# Controllability of complex networks: input node placement restricting the longest control chain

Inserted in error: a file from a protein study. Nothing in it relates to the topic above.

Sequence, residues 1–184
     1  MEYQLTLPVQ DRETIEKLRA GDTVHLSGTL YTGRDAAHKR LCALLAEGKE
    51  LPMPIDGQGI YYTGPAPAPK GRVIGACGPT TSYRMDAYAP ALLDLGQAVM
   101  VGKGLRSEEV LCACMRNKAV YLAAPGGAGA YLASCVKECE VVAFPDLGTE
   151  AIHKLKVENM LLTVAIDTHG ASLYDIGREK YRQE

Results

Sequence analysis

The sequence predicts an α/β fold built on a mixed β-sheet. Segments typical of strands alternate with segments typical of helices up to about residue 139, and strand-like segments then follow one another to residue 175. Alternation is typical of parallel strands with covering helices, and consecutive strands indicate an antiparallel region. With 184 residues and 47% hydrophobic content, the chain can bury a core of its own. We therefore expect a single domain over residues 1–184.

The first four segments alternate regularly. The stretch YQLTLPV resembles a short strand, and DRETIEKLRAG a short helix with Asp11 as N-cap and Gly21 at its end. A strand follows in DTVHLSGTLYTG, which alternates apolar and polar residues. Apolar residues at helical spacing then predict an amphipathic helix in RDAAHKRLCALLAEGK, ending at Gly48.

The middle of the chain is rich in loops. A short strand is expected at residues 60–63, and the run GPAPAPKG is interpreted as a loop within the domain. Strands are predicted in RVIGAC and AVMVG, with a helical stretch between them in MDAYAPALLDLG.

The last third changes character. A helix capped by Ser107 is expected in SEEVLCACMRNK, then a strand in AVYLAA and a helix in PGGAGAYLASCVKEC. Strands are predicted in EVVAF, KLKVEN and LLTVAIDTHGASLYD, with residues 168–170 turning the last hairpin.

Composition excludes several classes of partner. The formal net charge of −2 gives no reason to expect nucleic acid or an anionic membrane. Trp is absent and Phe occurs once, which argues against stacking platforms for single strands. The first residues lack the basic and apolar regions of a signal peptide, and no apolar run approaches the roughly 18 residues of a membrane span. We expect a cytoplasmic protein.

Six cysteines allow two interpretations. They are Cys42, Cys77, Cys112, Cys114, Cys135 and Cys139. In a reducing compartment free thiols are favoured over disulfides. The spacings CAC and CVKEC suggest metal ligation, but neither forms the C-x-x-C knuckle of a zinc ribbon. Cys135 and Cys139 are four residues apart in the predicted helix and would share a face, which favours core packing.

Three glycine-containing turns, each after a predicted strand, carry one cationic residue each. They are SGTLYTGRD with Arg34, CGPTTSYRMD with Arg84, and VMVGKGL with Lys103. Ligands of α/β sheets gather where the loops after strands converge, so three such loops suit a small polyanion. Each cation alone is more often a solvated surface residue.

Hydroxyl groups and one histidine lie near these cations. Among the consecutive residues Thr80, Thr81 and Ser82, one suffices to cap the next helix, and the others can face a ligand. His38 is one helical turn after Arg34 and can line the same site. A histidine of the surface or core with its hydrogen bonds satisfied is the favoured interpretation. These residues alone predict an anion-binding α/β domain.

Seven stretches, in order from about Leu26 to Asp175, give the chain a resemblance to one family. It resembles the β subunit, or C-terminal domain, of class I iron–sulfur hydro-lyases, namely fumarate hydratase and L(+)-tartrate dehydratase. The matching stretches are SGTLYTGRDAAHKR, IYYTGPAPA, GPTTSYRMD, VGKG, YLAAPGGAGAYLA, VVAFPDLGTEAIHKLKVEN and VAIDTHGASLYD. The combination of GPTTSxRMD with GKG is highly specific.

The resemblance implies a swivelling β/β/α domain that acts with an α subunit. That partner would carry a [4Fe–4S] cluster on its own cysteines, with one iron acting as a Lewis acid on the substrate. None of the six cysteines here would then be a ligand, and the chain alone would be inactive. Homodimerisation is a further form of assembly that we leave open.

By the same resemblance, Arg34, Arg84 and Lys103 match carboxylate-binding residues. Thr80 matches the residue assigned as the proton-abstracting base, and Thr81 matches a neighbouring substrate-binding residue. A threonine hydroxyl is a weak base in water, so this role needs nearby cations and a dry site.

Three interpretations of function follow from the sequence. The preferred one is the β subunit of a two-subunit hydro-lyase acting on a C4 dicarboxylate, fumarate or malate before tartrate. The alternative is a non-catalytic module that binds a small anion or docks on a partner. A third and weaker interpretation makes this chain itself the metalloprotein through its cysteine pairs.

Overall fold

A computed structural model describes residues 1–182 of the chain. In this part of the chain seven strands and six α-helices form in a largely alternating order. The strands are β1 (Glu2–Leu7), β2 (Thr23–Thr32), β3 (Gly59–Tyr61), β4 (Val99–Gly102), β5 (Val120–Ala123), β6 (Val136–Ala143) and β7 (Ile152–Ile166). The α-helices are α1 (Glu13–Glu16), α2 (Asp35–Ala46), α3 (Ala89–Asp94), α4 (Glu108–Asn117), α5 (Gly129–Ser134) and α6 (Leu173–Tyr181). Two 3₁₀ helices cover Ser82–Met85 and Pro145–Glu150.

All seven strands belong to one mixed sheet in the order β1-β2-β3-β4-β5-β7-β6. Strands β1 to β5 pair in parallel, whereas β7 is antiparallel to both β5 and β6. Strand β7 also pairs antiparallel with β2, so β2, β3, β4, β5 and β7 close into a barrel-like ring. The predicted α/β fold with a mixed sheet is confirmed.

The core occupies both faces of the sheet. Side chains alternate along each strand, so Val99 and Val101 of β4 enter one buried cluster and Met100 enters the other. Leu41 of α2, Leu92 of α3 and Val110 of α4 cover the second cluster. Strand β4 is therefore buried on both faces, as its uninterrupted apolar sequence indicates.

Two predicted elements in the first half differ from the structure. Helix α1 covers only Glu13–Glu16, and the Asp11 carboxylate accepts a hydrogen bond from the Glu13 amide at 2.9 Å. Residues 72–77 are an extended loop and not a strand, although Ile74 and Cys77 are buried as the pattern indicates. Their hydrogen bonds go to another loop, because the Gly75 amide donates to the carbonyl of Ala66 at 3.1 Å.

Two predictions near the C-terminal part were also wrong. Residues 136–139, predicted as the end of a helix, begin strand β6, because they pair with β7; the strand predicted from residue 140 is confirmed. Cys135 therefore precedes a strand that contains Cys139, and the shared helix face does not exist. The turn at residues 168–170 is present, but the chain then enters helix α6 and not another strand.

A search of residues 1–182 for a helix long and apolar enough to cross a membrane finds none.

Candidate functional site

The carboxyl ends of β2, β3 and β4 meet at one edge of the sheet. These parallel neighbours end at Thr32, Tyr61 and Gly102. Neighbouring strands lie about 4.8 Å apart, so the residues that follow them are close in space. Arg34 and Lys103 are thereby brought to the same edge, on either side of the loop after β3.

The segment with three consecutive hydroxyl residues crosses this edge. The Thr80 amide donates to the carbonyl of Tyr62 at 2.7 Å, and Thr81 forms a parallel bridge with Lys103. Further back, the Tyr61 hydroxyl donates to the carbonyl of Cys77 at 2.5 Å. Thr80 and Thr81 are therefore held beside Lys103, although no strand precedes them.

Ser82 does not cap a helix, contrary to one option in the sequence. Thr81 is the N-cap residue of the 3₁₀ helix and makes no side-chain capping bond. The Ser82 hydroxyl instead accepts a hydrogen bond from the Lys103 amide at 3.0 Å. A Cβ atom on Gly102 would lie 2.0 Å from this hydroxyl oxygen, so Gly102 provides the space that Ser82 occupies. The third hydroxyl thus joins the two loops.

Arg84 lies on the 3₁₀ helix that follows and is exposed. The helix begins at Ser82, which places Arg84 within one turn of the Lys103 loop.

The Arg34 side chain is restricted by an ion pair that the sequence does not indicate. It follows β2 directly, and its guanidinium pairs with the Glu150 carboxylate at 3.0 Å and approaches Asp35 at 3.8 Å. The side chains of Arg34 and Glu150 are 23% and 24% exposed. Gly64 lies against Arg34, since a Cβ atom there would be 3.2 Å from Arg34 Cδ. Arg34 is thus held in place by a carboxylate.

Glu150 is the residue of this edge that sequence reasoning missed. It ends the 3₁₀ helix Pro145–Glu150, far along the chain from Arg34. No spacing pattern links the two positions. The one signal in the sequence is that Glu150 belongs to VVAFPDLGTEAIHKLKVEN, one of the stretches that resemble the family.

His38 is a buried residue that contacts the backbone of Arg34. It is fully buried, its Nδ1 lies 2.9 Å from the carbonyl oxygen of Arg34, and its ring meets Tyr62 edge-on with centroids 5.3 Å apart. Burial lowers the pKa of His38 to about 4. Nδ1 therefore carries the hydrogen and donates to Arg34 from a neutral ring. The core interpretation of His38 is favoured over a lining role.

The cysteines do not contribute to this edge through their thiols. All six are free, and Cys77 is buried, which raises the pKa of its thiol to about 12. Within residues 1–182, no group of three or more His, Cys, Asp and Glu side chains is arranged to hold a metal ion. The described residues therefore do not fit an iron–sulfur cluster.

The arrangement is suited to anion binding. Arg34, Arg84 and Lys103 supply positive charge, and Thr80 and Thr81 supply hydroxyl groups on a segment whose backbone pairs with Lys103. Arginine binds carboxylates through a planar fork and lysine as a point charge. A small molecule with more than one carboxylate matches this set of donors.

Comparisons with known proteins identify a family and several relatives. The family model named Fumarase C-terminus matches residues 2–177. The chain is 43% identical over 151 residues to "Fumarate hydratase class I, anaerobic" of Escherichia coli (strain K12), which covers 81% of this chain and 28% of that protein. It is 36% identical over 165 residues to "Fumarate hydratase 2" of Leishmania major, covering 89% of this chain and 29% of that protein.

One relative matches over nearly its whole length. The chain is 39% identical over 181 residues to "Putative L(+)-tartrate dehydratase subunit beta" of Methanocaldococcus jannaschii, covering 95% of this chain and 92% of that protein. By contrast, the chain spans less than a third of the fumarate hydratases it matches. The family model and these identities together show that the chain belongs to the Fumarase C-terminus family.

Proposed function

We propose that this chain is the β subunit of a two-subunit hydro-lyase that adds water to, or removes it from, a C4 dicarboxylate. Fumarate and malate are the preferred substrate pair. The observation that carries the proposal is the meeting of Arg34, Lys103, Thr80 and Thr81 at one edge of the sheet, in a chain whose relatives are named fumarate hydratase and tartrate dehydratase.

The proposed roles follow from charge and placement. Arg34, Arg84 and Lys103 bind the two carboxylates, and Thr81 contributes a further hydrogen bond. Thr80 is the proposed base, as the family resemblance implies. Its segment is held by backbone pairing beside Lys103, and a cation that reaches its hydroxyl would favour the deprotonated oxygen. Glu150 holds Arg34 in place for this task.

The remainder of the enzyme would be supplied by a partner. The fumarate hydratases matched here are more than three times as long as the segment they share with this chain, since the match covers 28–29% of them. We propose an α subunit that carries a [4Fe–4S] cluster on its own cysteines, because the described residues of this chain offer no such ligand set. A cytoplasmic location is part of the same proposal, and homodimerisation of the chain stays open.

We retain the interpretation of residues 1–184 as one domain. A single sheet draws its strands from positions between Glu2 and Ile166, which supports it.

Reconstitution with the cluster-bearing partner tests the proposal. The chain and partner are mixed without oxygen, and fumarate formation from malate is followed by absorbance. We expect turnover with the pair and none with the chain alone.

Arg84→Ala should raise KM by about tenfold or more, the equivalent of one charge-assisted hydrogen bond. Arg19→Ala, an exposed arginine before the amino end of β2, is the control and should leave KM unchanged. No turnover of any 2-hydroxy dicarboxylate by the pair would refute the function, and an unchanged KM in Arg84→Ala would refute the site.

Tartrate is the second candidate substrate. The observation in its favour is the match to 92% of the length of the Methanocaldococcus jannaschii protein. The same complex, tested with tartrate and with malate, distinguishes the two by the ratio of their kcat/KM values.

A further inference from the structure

The minimum number of inputs needed to control a network is frequently used to quantify its controllability. Control of linear dynamics through a minimum set of inputs, however, often has prohibitively large energy requirements and there is an inherent trade-off between minimizing the number of inputs and control energy. To better understand this trade-off, we study the problem of identifying a minimum set of input nodes such that controllabililty is ensured while restricting the length of the longest control chain. The longest control chain is the maximum distance from input nodes to any network node, and recent work found that reducing its length significantly reduces control energy. We map the longest control chain-constraint minimum input problem to finding a joint maximum matching and minimum dominating set. We show that this graph combinatorial problem is NP-complete, and we introduce and validate a heuristic approximation. Applying this algorithm to a collection of real and model networks, we investigate how network structure affects the minimum number of inputs, revealing, for example, that for many real networks reducing the longest control chain requires only few or no additional inputs, only the rearrangement of the input nodes.

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